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Do you know someone who has gaps in their teeth? Or maybe you yourself have a gap between your teeth that affects your smile. Though gaps in teeth are fairly common, we know they can sometimes take the confidence out of your grin. And since our smile is one of the first and last things people notice about us, a noticeable gap in your teeth can make you feel like you’ve left a less-than-stellar impression.

So what can you do about gap teeth? And what causes gaps in teeth, you might ask. In this post, we’ll answer those questions and share everything you need to know about gap teeth.

We’ll cover:

  • What are gap teeth?
  • What is diastema?
  • What causes spacing or gaps in teeth?
  • Are there complications that can result if gaps are left untreated?
  • How do you close a gap in teeth?
  • How do braces, Invisalign or Clarity Aligners fix gaps?

What Are Gap Teeth?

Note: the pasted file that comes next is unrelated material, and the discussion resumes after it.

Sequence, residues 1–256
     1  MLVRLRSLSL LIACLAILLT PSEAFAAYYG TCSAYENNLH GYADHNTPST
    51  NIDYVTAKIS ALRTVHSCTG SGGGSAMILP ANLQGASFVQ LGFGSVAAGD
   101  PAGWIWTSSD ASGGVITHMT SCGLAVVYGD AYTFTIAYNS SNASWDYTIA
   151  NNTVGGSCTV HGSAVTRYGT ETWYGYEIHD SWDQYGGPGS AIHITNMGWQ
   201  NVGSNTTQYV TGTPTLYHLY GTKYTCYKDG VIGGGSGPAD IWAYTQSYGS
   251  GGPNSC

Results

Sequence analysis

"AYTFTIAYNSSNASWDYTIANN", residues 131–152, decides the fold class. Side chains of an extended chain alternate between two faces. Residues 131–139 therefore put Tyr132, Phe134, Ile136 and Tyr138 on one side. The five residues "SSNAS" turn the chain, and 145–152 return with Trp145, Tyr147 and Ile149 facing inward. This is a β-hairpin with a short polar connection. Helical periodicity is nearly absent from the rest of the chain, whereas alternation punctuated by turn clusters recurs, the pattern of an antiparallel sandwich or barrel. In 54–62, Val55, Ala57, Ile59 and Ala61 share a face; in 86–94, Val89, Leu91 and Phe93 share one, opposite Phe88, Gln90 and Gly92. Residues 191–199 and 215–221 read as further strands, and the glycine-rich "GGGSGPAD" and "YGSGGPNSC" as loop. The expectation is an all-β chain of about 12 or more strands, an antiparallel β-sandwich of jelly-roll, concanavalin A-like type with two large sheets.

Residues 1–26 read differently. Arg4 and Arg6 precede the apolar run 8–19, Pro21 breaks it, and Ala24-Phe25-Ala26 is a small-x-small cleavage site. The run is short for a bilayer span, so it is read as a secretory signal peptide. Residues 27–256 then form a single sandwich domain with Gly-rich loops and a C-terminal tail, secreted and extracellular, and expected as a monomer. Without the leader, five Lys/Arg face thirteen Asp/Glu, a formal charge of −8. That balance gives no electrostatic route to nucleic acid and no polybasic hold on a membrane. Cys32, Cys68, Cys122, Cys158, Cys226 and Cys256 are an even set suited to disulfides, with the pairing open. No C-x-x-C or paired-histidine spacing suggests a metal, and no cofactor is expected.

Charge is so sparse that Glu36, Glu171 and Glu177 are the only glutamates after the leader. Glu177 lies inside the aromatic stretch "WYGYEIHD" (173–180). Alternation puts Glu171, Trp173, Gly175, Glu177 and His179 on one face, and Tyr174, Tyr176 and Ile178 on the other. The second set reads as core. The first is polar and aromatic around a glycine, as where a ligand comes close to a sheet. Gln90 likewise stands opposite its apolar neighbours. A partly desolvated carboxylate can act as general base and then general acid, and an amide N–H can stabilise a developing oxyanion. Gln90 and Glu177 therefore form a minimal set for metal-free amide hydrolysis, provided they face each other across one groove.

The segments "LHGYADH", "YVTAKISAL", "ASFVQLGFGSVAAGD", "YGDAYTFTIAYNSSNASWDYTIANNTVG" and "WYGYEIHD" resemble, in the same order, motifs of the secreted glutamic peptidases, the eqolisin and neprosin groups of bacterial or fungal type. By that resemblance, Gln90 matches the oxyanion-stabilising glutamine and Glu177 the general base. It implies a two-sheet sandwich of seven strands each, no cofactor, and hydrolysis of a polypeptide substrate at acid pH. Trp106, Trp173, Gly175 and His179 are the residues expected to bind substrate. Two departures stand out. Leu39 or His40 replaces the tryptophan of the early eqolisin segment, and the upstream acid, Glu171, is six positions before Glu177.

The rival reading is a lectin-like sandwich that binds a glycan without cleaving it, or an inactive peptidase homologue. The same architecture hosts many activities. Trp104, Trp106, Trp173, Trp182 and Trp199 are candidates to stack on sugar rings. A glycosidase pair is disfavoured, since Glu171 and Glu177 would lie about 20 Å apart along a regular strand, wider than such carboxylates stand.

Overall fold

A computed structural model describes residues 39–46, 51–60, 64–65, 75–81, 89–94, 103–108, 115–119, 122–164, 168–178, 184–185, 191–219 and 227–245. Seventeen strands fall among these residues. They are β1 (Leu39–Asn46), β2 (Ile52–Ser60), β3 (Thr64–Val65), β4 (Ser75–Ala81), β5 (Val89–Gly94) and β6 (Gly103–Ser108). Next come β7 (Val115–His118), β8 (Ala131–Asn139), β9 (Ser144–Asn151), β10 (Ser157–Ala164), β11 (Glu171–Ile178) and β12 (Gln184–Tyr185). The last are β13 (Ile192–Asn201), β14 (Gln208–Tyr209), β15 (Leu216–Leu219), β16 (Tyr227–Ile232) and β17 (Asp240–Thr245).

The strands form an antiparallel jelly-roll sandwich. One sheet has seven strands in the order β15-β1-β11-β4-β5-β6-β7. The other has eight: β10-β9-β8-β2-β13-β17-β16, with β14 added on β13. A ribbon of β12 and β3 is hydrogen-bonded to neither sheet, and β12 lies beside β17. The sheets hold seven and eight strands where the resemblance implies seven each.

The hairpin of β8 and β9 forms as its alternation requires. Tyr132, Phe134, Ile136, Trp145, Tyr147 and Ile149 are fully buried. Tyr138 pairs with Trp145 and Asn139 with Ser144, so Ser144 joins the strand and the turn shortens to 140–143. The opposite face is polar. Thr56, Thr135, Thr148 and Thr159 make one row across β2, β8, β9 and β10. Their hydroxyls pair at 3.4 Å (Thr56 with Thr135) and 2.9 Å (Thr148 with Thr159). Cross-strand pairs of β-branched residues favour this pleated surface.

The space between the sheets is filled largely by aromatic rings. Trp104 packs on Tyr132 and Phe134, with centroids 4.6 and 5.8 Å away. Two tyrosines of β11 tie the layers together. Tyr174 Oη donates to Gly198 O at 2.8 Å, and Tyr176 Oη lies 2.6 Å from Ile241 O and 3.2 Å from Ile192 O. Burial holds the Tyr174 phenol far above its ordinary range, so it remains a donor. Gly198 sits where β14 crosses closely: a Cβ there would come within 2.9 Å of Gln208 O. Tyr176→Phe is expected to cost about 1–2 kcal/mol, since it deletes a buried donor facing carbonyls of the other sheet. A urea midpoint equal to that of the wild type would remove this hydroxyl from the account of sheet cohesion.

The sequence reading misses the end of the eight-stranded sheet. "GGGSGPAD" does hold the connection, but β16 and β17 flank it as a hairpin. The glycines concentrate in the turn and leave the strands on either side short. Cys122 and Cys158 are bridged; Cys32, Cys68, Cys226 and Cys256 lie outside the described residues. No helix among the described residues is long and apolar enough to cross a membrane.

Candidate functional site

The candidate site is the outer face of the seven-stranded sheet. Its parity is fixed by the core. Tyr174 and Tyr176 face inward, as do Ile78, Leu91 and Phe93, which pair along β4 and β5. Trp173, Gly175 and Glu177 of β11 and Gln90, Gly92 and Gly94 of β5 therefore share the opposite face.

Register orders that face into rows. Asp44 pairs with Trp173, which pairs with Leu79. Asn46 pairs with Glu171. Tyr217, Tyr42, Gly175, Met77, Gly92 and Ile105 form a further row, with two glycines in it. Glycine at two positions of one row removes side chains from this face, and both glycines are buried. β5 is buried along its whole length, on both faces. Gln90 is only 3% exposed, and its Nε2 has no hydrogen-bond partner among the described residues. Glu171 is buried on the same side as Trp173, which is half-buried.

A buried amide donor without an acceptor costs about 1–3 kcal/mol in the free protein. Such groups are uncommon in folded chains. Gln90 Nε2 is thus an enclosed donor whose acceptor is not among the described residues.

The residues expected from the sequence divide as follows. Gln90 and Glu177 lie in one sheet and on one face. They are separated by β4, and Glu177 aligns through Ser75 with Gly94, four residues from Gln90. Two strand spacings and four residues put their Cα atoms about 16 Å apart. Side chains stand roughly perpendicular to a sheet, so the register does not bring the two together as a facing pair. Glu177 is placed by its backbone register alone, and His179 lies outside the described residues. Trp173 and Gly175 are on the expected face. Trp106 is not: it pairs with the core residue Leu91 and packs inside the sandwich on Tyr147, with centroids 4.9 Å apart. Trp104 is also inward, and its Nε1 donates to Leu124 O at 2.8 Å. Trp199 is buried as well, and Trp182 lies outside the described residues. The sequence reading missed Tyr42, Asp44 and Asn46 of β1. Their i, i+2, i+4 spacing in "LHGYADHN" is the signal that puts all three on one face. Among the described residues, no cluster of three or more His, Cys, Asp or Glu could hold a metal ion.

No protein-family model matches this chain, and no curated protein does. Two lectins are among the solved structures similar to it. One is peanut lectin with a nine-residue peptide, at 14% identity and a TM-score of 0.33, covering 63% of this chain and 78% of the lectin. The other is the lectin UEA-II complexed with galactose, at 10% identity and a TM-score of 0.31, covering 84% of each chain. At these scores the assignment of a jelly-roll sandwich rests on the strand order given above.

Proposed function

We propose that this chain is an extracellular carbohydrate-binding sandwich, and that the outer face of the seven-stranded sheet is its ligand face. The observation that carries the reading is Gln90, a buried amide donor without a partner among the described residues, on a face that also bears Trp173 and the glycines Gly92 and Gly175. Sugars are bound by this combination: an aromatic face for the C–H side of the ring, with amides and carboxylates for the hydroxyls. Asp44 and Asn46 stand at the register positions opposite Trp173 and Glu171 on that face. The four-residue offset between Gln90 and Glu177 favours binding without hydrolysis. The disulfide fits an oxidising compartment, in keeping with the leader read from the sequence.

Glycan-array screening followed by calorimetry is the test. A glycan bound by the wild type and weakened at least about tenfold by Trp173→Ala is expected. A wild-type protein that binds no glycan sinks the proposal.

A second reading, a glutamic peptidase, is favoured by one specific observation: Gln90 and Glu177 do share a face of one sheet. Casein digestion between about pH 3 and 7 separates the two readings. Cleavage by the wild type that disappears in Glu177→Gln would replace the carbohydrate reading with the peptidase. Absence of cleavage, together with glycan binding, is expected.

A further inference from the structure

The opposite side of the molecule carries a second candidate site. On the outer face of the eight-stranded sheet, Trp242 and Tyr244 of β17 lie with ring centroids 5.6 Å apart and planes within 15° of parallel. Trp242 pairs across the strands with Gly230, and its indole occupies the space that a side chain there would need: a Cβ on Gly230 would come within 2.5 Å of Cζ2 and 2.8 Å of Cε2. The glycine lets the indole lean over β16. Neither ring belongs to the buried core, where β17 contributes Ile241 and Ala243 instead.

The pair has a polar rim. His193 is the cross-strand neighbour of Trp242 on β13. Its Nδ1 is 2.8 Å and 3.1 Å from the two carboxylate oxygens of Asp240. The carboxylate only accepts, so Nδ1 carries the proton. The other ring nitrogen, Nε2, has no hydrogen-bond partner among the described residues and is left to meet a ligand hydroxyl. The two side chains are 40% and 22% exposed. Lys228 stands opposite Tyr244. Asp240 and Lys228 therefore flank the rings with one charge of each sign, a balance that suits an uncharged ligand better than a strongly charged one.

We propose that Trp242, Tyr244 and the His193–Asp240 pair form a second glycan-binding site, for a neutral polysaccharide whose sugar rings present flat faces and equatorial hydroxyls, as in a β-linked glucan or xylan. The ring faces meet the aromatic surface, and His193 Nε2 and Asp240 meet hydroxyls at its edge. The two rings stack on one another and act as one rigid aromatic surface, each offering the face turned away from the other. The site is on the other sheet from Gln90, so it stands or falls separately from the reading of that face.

You might be relieved to know that having gap teeth, as we mentioned above, is one of the most common orthodontic concerns. It shows up in about 25% of people. But what is considered gap teeth? Your orthodontist or dentist will identify a space as gap teeth when the space is wider than 0.5 millimetres, or .02 inches. 

For some people, a small gap in between their teeth isn’t an esthetic worry. Sometimes it’s even celebrated as a signature look — we can think of a few celebrities who are known for the gap between their upper front teeth. For others, a gap in teeth can make for a self-conscious smile. 

What Is Diastema?

A gap in teeth is also called “diastema.” While gaps in between your teeth can appear anywhere in your mouth, they are typically more noticeable or of concern between the upper front teeth. Diastema can affect both adults and children, though children typically outgrow diastema once their permanent teeth come in. 

We should mention that when kids have gaps in their baby teeth, this isn’t considered diastema and shouldn’t cause any worry. Gaps between teeth at this stage are actually a good sign because spaced-out baby teeth indicate there will be room for the larger adult teeth when they erupt. However, there are cases when gaps between teeth remain, even after all adult teeth have come in. For kids, this would then be considered diastema.

Diastema is considered a type of malocclusion—or misalignment of your teeth. Other types of malocclusion you might have heard of include crowding, overbites, underbites, and crossbites. As with any misalignment, diastema can cause or contribute to orthodontic problems and affect your dental health and functioning.